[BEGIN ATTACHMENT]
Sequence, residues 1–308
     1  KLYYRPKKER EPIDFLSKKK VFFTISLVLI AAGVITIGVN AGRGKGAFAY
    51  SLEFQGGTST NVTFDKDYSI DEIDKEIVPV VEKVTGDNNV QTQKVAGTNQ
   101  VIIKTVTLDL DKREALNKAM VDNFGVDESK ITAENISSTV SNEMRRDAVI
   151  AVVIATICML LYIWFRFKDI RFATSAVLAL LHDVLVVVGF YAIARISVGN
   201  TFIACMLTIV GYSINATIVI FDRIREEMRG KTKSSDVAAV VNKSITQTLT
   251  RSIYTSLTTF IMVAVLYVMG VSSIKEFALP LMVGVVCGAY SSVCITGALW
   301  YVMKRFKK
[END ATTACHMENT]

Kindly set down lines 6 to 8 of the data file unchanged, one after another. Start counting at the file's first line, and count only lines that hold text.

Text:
   201  TFIACMLTIV GYSINATIVI FDRIREEMRG KTKSSDVAAV VNKSITQTLT
   251  RSIYTSLTTF IMVAVLYVMG VSSIKEFALP LMVGVVCGAY SSVCITGALW
   301  YVMKRFKK